Port Arthur — Former Jefferson County Justice of the Peace Thurman Bartie, 64, has been out of political office for almost two decades, but he's remained in the public eye. Now this blast from the past says he's the best man to lead Port Arthur into the future.
Bartie announced Tuesday, he's running for mayor, hoping to make incumbent Derrick Freeman a one-term mayor. Freeman has yet to announce if he's seeking re-election, but several of his supporters say he will.
Bartie says many citizens have approached him encouraging him to run for mayor. Bartie says citizens of Port Arthur are frustrated with the slow pace of recovery from Tropical Storm Harvey. "We're almost a year-and-a-half after, we know a lot of folks still not in their homes, a lot of folks still not receiving any type of assistance", Bartie said.
Bartie says he has the people skills and connections to speed up recovery. Bartie is not only a former justice of the peace, he's also been a preacher, teacher and funeral home director. Bartie is currently involved in disaster case management, and is a community volunteer.
He believes his diverse background will help guide a diverse city. Bartie told us his strength is "the ability to communicate with all individuals, not with just one segment of society but every segment of society."
Bartie is not shying away from a past controversy that made headlines. The State Commission on Judicial Conduct recommended his removal as Justice of the Peace in 2002, accusing him of using profanity and not properly following the law.
Despite this, Bartie won re-electon, he would eventually resign to pursue other interests.
Now Bartie says he's learned lessons from that incident. ""I thank God for the opportunity to be able to come forward but this time, at a time I think it was a time of need for some new leadership and to actually present myself to this community to lead this community, not thinking or totally disregarding the past, but I've learned greatly for what my past has been", Bartie said.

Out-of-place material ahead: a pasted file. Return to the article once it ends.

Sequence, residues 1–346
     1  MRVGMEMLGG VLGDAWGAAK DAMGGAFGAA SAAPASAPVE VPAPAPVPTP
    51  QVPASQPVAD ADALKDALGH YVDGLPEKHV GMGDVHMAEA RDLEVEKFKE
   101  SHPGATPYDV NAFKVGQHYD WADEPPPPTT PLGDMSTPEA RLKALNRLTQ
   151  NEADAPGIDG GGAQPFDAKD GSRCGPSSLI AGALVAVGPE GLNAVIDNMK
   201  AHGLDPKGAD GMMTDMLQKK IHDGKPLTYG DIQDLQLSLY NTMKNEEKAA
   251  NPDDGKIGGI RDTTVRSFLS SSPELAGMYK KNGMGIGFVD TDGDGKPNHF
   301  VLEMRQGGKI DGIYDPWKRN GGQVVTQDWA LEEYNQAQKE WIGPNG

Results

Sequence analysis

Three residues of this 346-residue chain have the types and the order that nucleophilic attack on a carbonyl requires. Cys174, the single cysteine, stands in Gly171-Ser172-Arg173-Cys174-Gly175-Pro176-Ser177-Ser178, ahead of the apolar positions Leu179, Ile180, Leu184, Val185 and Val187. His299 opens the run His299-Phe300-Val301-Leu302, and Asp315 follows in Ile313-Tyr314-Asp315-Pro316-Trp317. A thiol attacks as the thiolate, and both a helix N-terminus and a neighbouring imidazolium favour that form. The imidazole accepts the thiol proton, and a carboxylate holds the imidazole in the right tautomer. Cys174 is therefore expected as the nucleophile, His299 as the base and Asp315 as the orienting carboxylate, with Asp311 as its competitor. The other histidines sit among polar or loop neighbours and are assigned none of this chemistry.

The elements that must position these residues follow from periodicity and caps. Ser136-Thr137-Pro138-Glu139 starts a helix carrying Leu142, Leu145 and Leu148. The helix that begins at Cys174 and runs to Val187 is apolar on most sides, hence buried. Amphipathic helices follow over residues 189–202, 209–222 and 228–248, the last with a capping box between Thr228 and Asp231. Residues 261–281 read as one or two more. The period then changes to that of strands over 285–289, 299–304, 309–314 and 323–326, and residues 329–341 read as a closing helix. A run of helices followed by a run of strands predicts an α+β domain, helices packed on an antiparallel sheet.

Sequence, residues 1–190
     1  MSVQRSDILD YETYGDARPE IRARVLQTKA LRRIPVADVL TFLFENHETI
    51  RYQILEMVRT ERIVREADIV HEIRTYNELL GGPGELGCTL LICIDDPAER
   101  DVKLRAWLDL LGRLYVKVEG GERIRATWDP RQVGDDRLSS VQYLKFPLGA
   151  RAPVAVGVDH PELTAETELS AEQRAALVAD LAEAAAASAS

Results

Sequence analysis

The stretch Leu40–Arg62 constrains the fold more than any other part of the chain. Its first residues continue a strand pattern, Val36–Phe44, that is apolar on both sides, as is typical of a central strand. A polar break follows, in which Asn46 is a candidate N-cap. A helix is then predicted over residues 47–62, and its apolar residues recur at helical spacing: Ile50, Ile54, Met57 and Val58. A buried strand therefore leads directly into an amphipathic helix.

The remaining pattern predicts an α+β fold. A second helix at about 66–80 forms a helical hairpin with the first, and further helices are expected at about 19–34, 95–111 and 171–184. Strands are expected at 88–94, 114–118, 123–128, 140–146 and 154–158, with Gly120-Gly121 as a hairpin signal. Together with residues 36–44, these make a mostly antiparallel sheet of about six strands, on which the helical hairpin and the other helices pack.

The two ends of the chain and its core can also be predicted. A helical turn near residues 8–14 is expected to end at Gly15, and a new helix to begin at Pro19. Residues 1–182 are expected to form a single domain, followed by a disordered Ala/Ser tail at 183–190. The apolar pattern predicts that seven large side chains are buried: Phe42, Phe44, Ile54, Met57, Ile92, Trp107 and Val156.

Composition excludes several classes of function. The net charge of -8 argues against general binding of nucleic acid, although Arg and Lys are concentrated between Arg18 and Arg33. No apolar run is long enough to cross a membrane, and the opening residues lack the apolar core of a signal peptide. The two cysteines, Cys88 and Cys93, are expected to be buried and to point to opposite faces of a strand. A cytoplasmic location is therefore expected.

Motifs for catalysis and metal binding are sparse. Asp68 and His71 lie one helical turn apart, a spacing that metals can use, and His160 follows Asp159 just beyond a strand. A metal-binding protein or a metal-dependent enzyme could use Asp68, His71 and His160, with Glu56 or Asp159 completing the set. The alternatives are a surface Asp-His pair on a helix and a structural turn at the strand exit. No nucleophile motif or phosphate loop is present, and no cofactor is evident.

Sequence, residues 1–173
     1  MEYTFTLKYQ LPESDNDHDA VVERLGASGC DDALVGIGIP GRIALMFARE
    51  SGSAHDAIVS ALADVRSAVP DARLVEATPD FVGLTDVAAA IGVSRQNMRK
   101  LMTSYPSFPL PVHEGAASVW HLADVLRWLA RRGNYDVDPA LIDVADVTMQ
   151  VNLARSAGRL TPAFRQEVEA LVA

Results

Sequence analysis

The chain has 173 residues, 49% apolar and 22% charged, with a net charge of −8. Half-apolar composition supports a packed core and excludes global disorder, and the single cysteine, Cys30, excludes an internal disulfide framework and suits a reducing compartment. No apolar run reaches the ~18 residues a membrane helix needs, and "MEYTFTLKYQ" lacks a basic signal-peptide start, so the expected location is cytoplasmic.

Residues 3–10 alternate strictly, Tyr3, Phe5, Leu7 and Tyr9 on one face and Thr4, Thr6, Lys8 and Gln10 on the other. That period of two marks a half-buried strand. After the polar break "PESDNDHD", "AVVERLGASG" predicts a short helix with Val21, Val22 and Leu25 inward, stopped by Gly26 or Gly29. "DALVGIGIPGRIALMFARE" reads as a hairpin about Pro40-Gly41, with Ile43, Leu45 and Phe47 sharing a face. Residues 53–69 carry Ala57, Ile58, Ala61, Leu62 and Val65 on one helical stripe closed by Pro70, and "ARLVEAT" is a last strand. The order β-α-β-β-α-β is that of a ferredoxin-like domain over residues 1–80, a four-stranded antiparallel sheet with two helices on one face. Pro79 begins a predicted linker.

Bartie is enthusiastic about being a candidate once again. He plans a more formal announcement on Dr. Martin Luther King Jr.'s birthday, January 15, at city hall.
As he prepares his campaign, Bartie tell us, "I never left this community, I never stopped serving my community. I didn't tuck tail and run, I'm not going to tuck tail and run now."
The race for Port Arthur mayor is expected to attract a crowded field. The filing period runs from January 16 to February 15.
The City of Beaumont is holding city council elections on May 4th as well. Pastor Randy Feldschau from Cathedral Church, is seeking an at-large seat, and attorney Jeff Fisher will challenge incumbent Ward 2 Councilman Mike Getz.
Both Feldschau and Fisher have turned in the names of their campaign treasurers to the city clerk's office, which is the initial step to mounting a campaign.
Election day is Saturday, May 4th.